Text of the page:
Prenuptial agreements used to be contracts executed almost solely by the very rich, influential and famous. As the rate of divorce has increased over the decades, however, more people from typical homes are considering prenuptial agreements a necessary component of any potential marriage. After all, it reduces the risk of total financial devastation in the event of a divorce in the future. Some couples spend tens of thousands of dollars to split up their lives and assets.
A prenuptial agreement can protect both future spouses from the financial expense and strain of a protracted, contentious divorce. If you are recently engaged, you may not want to think about the potential of your marriage ending. That isn't a fun conversation to have with your fiance, but it is an important one.
After all, getting married is a time of optimism and looking to the future. However, much like estate planning, drafting a prenuptial agreement can actually be a responsible way to plan for the potential end of your marriage.
Make sure you highlight the fact that a prenup will protect you both
To some people, getting asked to sign a prenuptial agreement may feel like a slap in the face. They may feel like you are accusing them of being a gold-digger. They may also feel like you believe the marriage is doomed. Highlighting the fact that a prenuptial agreement protects you both may smooth over some of this negativity.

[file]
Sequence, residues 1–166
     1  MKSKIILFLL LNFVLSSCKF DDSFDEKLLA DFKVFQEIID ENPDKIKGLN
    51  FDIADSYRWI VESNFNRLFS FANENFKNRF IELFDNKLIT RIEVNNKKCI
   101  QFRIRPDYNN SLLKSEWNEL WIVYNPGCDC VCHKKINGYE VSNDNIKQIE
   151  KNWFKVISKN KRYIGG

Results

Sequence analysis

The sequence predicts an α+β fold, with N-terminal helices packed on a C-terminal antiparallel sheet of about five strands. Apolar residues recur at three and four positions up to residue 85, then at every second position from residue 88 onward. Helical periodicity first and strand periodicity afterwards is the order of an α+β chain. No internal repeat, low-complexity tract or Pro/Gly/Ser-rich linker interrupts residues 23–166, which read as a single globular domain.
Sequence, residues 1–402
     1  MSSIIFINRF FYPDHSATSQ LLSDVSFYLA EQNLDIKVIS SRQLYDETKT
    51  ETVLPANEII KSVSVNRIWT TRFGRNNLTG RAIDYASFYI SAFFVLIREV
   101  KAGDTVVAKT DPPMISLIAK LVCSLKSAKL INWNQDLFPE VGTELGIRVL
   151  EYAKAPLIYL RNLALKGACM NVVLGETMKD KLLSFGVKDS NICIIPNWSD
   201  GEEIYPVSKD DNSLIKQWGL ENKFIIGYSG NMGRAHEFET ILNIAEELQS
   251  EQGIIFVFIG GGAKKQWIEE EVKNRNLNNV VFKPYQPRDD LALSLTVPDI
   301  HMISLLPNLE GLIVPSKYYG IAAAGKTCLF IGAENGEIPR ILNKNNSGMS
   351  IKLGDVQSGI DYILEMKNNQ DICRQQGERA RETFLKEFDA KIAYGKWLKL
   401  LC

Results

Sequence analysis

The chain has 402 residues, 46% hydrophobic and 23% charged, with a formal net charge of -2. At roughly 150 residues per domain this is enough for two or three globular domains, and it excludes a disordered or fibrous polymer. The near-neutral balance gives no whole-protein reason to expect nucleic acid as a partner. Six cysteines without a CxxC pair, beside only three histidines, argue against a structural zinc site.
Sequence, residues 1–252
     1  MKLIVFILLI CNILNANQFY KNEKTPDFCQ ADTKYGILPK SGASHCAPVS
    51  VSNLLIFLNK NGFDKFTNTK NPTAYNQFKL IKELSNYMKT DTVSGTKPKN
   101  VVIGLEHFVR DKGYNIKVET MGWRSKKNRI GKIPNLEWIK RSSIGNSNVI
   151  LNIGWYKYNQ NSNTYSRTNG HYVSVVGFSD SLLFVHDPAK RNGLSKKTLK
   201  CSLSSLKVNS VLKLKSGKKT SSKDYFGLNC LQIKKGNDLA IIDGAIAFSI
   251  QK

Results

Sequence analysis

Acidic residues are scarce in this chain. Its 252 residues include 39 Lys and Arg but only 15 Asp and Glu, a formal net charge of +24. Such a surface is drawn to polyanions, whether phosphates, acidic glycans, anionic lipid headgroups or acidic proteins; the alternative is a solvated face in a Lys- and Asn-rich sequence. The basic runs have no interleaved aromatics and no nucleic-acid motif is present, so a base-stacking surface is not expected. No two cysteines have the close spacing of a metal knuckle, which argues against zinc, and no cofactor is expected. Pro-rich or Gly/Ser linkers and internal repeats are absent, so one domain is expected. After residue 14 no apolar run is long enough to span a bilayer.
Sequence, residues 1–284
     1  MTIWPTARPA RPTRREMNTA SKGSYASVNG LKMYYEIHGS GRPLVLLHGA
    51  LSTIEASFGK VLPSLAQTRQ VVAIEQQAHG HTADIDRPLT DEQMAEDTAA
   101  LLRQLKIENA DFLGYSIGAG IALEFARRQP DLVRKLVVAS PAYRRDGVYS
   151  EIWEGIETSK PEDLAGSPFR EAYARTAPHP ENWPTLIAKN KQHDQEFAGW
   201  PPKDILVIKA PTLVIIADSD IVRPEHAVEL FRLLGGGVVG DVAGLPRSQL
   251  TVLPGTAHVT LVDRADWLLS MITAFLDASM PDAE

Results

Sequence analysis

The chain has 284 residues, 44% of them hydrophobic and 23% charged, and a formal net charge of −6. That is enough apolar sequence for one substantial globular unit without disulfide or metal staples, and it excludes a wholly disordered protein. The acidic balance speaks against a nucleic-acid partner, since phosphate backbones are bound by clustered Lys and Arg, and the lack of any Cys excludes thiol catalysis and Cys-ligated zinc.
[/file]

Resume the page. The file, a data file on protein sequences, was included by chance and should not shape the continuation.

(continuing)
Both you and your future spouse can set terms in regard to common divorce issues like spousal support and asset division. You both have the opportunity to protect your future financial interest. More importantly, executing a legally sound prenuptial agreement before you marry can reduce the amount of anger you both experience during a divorce and keep the expenses related to ending your marriage minimal. It will be easier for both of you to move on.
You should have your own legal representation before signing a prenup
The best prenuptial agreement is highly detailed and specific to your situation. Once all the details are in writing, both you and your fiance should sit down with your individual attorneys to go over all the terms. This review process helps ensure that the contract is not skewed to the benefit of one spouse at the expense of the other. It also helps the courts to uphold the contract in the event of a divorce.
While signing a prenuptial agreement during your engagement may not feel romantic, it is actually a responsible step to take. You and your fiance can start your marriage out on the right foot, knowing that if anything goes wrong, you will already have rules in place to separate from one another with dignity and respect.